Former University President Leo J. O’Donovan commemorated [the 20th anniversary of the fall of the Berlin Wall](https://www.thehoya.com/videos/georgetown-students-embrace-freedom-without-walls/) with a speech in Riggs Library last night.
At [the event sponsored by the BMW Center for German and European Studies](https://events.georgetown.edu/events/index.cfm?Action=View&CalendarID=87&EventID=71350&Home), a small fragment of the Berlin Wall sat on the podium as O’Donovan spoke about his friend Helmut Kohl, chancellor of West Germany – and subsequently unified Germany – from 1982 to 1998.
O’Donovan spoke about Kohl’s impact on German and European politics and the significance of the fallen wall.
“European unification and German unity are two sides of the same coin. . Indeed, if this global community is to prosper in our new century, we must all have a piece of the Berlin Wall,” O’Donovan said.
“Whoever works for peace in our endangered world holds a shard of the Berlin Wall. All those longing for justice and equality among communities and nations stand before one of the breaches of the wall,” O’Donovan said. “Wherever sacrifices are made for reconciliation and mutual understanding, the wall comes down once more. Whoever stands in solidarity with the underprivileged and marginalized stands proudly where once the wall stood ominously.”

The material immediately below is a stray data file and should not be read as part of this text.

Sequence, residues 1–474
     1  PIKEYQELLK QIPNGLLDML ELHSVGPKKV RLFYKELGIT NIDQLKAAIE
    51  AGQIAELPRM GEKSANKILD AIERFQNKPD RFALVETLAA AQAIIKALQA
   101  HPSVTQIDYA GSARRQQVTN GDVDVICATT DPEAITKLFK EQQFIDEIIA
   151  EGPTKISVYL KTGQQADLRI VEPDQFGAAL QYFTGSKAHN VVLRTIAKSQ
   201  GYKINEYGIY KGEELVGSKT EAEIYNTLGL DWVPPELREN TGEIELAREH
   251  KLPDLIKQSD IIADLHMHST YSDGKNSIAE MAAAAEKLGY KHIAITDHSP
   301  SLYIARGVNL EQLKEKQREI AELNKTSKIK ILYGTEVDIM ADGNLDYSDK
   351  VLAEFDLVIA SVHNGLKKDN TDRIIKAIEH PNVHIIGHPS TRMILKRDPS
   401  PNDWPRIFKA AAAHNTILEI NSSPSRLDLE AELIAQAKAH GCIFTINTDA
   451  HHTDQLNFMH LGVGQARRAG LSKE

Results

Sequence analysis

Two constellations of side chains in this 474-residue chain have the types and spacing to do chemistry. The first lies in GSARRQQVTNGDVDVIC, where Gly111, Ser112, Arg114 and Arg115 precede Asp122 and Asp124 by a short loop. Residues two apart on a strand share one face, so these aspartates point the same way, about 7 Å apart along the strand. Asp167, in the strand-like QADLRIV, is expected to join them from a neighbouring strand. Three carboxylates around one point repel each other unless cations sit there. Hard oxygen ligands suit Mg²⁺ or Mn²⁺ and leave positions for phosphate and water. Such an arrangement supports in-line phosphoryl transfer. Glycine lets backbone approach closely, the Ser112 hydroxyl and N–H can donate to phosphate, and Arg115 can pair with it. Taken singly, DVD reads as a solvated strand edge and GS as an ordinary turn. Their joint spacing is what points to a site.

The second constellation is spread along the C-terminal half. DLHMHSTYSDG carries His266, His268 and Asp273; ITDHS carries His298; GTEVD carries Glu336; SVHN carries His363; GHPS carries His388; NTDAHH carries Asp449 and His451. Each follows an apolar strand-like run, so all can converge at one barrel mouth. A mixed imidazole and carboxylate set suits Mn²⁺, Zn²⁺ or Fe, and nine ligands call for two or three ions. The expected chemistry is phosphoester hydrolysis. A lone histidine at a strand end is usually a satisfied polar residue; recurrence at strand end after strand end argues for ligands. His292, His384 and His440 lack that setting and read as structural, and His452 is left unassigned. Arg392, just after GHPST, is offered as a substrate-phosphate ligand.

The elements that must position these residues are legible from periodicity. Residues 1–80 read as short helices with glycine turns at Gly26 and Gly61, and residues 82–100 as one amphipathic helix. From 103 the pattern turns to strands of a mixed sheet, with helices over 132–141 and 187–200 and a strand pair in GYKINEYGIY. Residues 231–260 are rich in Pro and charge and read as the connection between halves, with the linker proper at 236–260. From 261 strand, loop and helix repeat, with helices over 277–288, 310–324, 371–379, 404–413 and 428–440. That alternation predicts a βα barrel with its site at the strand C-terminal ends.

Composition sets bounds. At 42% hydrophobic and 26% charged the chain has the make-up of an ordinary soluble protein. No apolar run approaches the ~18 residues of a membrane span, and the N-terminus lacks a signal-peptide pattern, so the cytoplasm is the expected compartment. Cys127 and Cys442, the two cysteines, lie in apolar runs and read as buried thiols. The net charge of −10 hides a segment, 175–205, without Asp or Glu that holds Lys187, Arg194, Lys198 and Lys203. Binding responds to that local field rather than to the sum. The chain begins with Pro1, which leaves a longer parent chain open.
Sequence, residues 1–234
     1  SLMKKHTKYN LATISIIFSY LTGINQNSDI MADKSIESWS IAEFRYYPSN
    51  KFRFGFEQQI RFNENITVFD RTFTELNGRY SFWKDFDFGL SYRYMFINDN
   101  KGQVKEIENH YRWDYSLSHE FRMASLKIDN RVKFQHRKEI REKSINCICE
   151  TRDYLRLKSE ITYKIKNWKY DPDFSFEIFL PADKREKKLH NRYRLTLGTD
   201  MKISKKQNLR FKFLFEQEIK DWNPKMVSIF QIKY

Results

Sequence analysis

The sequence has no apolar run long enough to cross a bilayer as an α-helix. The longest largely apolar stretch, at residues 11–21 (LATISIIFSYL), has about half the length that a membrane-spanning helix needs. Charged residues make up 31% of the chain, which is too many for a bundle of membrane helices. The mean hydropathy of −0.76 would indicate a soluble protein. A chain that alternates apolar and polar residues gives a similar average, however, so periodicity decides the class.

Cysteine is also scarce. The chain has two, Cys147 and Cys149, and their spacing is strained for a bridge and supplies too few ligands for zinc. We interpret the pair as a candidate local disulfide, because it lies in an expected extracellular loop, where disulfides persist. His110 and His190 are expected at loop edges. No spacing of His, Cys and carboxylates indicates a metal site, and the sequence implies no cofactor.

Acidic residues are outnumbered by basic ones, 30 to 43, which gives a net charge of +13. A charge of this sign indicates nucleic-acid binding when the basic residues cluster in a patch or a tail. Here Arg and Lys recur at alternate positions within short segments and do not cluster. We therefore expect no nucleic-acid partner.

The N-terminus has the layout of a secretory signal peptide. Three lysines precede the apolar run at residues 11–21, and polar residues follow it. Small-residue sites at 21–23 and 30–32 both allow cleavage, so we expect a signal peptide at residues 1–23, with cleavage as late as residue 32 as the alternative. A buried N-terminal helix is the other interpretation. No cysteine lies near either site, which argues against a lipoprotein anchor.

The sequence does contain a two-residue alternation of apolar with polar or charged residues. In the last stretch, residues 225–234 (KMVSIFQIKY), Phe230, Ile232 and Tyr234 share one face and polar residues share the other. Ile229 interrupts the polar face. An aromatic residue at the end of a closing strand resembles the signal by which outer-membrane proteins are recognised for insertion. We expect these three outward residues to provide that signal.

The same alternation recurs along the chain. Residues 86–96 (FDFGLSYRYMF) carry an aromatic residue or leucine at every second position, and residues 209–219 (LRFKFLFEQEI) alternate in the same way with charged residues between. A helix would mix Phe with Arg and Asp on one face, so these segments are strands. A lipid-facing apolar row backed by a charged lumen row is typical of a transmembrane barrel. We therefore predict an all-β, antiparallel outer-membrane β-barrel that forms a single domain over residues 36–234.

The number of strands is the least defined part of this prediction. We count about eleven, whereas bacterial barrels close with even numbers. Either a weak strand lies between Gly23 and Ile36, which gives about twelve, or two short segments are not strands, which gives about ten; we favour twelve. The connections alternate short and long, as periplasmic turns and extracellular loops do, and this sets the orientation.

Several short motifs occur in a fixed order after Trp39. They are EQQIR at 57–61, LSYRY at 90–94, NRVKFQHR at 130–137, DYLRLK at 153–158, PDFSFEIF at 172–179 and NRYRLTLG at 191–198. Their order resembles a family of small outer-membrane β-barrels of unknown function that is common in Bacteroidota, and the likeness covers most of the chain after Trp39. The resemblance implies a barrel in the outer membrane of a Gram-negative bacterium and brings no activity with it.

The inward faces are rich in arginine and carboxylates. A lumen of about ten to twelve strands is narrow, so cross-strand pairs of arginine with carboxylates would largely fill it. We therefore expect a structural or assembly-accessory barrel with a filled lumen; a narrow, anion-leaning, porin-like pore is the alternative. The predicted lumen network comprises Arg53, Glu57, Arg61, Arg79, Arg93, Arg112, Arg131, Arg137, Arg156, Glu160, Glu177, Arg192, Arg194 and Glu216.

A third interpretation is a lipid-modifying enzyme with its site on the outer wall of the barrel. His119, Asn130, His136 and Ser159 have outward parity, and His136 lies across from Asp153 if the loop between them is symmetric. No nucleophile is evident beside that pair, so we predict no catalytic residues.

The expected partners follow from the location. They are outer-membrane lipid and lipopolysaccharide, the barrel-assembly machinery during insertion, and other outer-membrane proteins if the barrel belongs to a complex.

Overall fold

argaret Cekuta (SFS ’12), who lived in Germany for four years, said she is optimistic that Germany is moving toward a brighter future.
“I see a definite reunification of Berlin, and the idea of a wall in someone’s head is definitely of the older generation, and is not one that is felt within the younger generation,” Cekuta said. “It’s the younger generation who’s going to carry the unity of both Germanys into the future to create a brighter Germany.”
At the end of his speech, O’Donovan donated a Bible given to him by Kohl to Lauinger Library’s Rare Book Collection
O’Donovan said the Bible was given to him on Nov. 10, 2007, the 18th anniversary of the fall of the Berlin Wall.
The message of the Berlin Wall is one that transcends history, O’Donovan said.
“No one hero, no single speech, no pure democracy, no wise collaboration from world leaders alone brought down the wall,” O’Donovan said. “The meaning and causes of its fall will be restudied, re-interpreted, rewritten for as long as humanity recognizes that history is its best teacher.”
O’Donovan preceded John J. DeGioia as the 47th president of the university. He retired in 2001.”